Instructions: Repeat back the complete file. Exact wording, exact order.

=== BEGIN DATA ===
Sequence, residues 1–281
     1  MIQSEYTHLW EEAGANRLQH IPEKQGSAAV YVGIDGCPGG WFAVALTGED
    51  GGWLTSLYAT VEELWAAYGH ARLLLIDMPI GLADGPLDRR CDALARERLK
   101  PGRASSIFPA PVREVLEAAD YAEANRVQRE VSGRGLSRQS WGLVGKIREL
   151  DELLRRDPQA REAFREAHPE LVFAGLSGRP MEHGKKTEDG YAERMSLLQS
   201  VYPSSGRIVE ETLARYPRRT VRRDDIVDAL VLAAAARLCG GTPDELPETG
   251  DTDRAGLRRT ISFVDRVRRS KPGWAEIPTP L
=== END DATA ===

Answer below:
Sequence, residues 1–281
     1  MIQSEYTHLW EEAGANRLQH IPEKQGSAAV YVGIDGCPGG WFAVALTGED
    51  GGWLTSLYAT VEELWAAYGH ARLLLIDMPI GLADGPLDRR CDALARERLK
   101  PGRASSIFPA PVREVLEAAD YAEANRVQRE VSGRGLSRQS WGLVGKIREL
   151  DELLRRDPQA REAFREAHPE LVFAGLSGRP MEHGKKTEDG YAERMSLLQS
   201  VYPSSGRIVE ETLARYPRRT VRRDDIVDAL VLAAAARLCG GTPDELPETG
   251  DTDRAGLRRT ISFVDRVRRS KPGWAEIPTP L